Sophy Rickett: ‘Pissing Women’, 1995
Published Summer 2017
Pissing Women, by British visual artist Sophy Rickett, is one that not only remains the black sheep of an otherwise conventional lineage of works, but one that to this day still stands tall as an unmatched feat of raw, orchestrated and somewhat contemplative performance art.
The series, created in 1995 and completely with black and white film at night, opened a dialogue on phallic fetishisation, its historically assumed power and its place within societal order. With Ricketts dressed formally in a range of suits, and actively selecting locations synonymous with order (i.e. Vauxhall Bridge, with MI-5 headquarters in the background, or the marble facade of what can be assumed to be an office in Central London), it becomes easy at face value to see the images as rebellious, or at least created to challenge a patriarchal elements of society. However, when the images themselves are deconstructed, and things such as the deliberate harsh flash used from the camera, the inviting and consistent side angle positioning of the camera and more interestingly the unseen effort gone through to make the urination as masculine as possible (one can only assume that it must have taken a few tries with it being public), the images seem to be more of a bold parody of masculinity than a mere, rebellious angsty disdain for it. With urination (especially public urination) being seen so typically as an act whose core radiates rebellion, we may excuse ourselves for falling into the trap of seeing it no more than a physical act of frustration.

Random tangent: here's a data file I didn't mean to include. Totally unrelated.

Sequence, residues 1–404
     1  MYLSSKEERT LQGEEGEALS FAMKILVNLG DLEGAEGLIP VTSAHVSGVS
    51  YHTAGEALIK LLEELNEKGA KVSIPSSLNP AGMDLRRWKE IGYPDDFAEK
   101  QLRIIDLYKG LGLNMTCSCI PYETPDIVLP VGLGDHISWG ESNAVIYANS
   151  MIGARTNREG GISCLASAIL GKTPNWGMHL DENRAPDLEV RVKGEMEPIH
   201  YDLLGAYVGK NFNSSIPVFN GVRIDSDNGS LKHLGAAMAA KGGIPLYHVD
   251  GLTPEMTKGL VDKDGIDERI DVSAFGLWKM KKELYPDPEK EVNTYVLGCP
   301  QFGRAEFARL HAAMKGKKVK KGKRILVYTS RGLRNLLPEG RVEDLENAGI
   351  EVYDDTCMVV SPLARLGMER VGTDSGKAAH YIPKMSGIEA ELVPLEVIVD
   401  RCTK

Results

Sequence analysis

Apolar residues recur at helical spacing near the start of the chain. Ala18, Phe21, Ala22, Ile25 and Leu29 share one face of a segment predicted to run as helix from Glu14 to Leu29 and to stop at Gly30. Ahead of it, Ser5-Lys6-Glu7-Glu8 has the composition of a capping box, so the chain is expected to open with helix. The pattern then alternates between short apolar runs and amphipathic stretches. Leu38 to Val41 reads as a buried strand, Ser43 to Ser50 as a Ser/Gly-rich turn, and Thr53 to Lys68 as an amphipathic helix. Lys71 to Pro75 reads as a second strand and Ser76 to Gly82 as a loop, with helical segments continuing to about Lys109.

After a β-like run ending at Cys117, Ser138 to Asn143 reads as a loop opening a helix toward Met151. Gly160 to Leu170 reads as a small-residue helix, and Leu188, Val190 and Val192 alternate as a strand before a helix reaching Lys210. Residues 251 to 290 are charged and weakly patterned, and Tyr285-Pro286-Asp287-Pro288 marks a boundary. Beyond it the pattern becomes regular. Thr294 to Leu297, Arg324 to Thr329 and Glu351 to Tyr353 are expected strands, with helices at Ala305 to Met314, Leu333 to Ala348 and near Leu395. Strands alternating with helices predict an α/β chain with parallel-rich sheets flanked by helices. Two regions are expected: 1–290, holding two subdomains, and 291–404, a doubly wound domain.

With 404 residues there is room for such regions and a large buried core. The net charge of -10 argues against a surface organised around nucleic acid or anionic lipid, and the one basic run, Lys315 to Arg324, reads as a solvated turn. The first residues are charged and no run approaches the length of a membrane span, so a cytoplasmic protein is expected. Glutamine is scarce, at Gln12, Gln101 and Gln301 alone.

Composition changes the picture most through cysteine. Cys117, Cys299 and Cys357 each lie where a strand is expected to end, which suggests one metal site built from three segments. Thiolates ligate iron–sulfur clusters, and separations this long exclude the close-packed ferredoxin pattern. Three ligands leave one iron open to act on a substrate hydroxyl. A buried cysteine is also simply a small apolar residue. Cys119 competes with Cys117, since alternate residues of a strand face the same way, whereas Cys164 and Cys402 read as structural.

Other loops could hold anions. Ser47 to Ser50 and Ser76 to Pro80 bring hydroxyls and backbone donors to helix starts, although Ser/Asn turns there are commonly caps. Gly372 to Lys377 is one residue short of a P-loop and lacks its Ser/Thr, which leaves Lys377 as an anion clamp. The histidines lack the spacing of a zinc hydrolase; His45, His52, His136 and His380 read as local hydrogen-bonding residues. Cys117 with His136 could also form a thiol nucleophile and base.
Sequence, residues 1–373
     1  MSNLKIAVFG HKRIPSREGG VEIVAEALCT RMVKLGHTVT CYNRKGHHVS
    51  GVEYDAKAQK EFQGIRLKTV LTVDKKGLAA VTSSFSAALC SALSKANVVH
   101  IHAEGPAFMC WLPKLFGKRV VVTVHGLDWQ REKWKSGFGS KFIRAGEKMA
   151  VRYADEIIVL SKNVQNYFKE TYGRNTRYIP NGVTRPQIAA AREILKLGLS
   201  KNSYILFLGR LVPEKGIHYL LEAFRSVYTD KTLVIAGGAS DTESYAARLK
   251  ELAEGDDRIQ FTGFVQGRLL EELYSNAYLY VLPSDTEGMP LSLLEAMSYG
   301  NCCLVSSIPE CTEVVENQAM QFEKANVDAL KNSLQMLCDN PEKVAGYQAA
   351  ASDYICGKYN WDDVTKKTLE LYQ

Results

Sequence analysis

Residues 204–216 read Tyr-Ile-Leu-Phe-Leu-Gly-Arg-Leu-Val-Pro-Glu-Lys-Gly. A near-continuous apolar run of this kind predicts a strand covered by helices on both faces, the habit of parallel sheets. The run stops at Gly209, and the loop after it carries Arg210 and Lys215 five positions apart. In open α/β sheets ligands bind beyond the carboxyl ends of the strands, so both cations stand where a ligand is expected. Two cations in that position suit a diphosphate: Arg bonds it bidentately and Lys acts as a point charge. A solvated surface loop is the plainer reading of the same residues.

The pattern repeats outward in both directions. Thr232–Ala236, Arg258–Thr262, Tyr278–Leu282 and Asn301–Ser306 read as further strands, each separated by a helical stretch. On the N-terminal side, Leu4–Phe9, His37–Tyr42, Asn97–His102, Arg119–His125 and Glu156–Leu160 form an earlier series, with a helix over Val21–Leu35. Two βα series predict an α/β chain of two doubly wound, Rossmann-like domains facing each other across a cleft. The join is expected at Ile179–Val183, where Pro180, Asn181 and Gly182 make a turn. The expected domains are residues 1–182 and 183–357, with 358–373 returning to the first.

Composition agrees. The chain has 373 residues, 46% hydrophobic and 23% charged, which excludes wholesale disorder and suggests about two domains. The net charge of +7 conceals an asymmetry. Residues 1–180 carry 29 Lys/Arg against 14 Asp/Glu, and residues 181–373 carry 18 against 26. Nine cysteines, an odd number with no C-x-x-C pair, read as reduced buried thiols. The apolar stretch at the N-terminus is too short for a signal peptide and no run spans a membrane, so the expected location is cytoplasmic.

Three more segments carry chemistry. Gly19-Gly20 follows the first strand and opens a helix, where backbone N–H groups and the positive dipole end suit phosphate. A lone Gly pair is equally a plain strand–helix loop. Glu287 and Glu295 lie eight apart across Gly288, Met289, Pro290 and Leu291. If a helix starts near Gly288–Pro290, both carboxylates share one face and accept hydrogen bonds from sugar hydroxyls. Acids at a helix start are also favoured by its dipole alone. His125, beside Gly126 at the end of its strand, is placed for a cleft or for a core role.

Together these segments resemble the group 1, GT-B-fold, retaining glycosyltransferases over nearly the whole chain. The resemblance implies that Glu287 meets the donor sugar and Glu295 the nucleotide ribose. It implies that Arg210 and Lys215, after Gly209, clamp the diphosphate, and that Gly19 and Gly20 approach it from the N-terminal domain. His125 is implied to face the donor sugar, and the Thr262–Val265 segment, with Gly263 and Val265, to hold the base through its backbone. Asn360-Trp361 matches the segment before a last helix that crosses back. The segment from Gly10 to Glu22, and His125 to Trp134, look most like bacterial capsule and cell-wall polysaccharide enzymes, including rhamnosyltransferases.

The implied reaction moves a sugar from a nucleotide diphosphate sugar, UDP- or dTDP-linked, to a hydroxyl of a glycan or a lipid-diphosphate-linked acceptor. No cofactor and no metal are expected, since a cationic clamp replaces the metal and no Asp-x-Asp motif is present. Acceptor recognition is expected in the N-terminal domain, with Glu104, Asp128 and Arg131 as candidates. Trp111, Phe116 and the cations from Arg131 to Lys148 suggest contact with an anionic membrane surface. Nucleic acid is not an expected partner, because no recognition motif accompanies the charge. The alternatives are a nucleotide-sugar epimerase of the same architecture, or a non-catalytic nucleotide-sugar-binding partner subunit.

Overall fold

Another point of interest with the series albeit a subtle one, is the fact that each scene depicts a different ‘character’, caught within the same act. A range of different suits, shoes and hairstyles feature in with the series. With one sporting sporting lengthy hair, alongside another with short blonde hair and a third, with black roots, there’s no real way of actual scale of planning or time dedicated to the series but its clear it was not minimal. Indeed it is this apparent effort that implies to audiences that there was a real conscious desire here to communicate (even if artificial) a panoramic, collective presence through the series and the act. It does make one wonder; were these characters created to mirror an ongoing series of observations that on separate occasions, Rickett had encountered on her way home? Were they a collective, albeit artificial sneer at acceptability and gender norms on the topic of decency and decorum? Many questions begin to arise.
All of these questions however, must not distract audiences from the power she has sought simply from urinating whilst standing. We know that female urination is (in most cases) not possible from such a stance and yet, this is challenged head on in a way that, all things taken into consideration, earns a rightful amount of artistic wonder. To crouch, stoop or bend in order to urinate, is to submit to the biological need to do so. Here, this is waived; the birth-given halo of the phallus is removed, reducing the power of the male member to little more than a myth. There is little doubt that the phallus can be replicated, imitated and made a caricature of, as many other patriarchal aspects that remain within contemporary society and sexuality. Ricketts can brazenly urinate, in public, without stooping or exposing her genitals and yet, challenges this all without actively disguising herself as a man, or going through any effort to conceal or distort her gender as part of the performance. She is a woman, dissecting an act of men, in male dominated surroundings and she wants to be seen; she wants to be observed for what she is, backed up by the stylistic characteristics of the images themselves.
Although Pissing Women served as a firm landmark in both social and societal gender-orientated commentary as well as the fine art world, it is still bittersweet that few of Ricketts work since its completion, explored such themes and approaches. It is clear that this tangent still had some life in it yet. Still, over twenty years on this infamous, somewhat enigmatic series remains relevant and will remain so, for as long as men, and to some extent, patriarchal society remain in awe of the hole from which they piss.